With profit margins feeling ever tighter and the economic uncertainties of a pandemic, the marketing fees that go along with branded plants may feel like an unnecessary — or even risky — investment. What are you getting for those extra costs? And can you turn them to your advantage?
Let’s start with what a brand does. A brand offers an implied promise that its products are better than the generic.
“Let’s take Proven Winners because I think their name is very telling,” says Bridget Behe, a professor at Michigan State University and retail marketing expert serving the horticulture industry. “The customer is buying into the promise that these are winning or well-performing.”
Brand marketing, when done right, conveys that brand promise to the consumer. A brand’s marketing also raises awareness of the product and creates demand in the marketplace.
While we are covering the basics, let’s also review the types of fees that are associated with branded plants. In addition to the marketing fee, there may also be a royalty fee. Sometimes these are rolled together into one “program fee.” The royalty fee is the portion that is passed back to the breeder, in compensation for their work in identifying, selecting and trialing the new genetics.
“It’s important that if you’re going to create a better plant that performs better for the consumer that we’re compensating the people that are doing the work to make that happen,” says Natalie Carmolli, PR and marketing specialist for Spring Meadow Nursery, part of the Proven Winners brand.
In some cases, the breeding work may be done by the brand, who also typically conducts plant trials and stock buildup. In all, it can take five to seven years, if not longer, to fully ready a new introduction.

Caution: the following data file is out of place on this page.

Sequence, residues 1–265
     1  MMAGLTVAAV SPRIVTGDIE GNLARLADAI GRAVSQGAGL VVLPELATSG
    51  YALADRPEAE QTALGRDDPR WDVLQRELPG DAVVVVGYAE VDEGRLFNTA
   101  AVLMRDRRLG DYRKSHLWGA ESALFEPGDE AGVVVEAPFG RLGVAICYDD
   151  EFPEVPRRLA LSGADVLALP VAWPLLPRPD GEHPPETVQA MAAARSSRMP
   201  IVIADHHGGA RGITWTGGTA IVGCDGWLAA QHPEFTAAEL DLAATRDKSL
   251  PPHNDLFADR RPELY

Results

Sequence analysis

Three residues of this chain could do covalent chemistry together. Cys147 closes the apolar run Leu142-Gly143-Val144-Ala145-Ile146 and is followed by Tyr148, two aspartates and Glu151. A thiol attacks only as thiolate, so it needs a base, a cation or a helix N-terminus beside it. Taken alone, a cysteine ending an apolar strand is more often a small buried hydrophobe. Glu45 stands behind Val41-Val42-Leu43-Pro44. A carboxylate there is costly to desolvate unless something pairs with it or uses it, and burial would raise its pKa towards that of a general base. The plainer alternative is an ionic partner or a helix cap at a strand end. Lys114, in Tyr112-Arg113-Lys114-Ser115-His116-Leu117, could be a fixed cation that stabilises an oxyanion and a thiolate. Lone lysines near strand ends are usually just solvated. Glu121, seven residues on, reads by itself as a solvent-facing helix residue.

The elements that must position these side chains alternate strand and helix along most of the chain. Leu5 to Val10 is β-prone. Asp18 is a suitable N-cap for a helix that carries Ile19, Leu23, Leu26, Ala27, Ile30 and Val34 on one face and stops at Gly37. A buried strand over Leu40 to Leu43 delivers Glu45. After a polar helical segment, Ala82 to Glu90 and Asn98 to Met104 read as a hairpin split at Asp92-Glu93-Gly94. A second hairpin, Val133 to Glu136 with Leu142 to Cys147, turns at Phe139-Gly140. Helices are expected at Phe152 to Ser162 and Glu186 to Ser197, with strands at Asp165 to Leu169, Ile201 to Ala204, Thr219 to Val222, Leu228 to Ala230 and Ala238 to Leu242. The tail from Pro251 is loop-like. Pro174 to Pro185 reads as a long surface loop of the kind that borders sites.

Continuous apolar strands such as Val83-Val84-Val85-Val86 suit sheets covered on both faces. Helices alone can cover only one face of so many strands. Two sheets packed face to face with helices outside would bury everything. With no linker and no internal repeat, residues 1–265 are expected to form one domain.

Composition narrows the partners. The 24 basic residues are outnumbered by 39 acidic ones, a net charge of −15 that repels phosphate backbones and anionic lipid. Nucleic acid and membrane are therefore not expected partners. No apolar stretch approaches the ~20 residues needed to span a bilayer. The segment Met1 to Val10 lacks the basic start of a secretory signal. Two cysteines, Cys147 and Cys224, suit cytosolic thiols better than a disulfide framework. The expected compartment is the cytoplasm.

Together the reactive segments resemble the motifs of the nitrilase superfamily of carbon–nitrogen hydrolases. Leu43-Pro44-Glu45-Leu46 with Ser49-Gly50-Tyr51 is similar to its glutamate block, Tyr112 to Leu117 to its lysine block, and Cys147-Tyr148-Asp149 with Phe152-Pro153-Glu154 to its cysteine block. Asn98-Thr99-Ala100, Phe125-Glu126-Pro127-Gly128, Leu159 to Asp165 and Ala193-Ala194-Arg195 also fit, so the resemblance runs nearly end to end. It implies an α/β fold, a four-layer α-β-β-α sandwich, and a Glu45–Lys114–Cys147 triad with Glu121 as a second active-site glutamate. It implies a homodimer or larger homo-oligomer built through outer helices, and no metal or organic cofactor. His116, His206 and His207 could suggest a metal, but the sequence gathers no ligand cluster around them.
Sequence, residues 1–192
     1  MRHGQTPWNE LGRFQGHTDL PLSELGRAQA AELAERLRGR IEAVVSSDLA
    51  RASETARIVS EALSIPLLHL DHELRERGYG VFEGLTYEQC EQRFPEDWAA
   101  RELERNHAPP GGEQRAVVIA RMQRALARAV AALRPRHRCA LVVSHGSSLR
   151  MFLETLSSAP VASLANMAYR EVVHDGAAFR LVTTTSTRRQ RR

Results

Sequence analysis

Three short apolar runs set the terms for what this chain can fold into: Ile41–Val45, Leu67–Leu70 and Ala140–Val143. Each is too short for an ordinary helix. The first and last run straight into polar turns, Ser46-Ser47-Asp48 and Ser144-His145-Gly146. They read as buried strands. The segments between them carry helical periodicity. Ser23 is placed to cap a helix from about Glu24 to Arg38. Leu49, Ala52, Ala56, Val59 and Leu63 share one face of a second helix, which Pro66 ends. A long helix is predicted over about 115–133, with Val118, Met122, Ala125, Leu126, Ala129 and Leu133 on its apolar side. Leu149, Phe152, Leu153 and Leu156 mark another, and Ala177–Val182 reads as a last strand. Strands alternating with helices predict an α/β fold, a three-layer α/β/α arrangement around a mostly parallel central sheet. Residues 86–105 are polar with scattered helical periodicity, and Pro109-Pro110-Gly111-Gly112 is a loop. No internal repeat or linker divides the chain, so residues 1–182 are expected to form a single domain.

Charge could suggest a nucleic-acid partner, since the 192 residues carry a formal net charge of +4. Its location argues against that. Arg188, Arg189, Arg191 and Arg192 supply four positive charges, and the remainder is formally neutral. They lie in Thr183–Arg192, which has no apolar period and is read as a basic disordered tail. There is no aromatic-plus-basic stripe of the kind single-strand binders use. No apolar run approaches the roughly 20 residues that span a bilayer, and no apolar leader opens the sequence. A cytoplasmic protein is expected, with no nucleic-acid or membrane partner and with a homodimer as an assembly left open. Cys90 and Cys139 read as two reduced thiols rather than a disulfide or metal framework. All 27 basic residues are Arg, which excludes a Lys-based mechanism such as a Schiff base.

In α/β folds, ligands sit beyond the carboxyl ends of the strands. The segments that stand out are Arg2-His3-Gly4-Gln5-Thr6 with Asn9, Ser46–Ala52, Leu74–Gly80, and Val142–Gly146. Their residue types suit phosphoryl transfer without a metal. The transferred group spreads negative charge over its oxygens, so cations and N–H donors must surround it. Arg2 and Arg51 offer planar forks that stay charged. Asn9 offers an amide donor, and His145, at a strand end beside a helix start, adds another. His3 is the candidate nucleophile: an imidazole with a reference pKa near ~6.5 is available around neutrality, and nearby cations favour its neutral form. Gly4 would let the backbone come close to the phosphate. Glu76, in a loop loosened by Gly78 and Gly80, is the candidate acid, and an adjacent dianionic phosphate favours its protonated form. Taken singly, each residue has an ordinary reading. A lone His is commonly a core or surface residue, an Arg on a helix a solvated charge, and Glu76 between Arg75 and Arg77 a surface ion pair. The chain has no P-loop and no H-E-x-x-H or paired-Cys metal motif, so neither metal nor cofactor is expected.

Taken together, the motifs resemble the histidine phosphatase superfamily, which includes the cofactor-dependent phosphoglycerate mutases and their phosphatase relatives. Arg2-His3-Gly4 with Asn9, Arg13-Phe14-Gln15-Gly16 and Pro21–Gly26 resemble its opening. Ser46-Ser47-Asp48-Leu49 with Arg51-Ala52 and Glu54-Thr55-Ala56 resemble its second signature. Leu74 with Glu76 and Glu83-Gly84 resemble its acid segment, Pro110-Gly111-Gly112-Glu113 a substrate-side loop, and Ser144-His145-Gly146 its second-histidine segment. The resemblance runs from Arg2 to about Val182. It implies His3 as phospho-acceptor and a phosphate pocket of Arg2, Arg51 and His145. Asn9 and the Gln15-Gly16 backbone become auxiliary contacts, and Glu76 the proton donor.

Breeding before branding
The investment into breeding is key to the brand promise that lines like Endless Summer and Proven Winners offer. New is nice, but “new and improved” is even better.
Those improvements are meant to benefit growers as well as consumers.
“In order for a product to go into one of our brands, it has to be something that everyone through the system has the ability to be successful with. Certainly, it has to have a consumer benefit at the end, but as importantly or more importantly, it has to be something that a grower can be successful with,” says Alex Charais, marketing and communications manager for Bailey. “It has to look good in a pot. Our genetics approach has to have some measurable benefit to the grower, whether it’s lower input costs, maybe less pruning, less disease management, and that’s where trialing comes into play for us.”Breeding advancements are why Tim Kane, marketing and inventory manager at Prides Corner Farms, is all in when it comes to brands and marketing fees.
“It’s an absolute necessity, and actually growers that think otherwise have just got their feet so far in the past I wonder how they can manage. The branded plants give you such an advantage. It’s the cost of doing business, and it’s also the thing that helps stimulate you selling the material,” Kane says.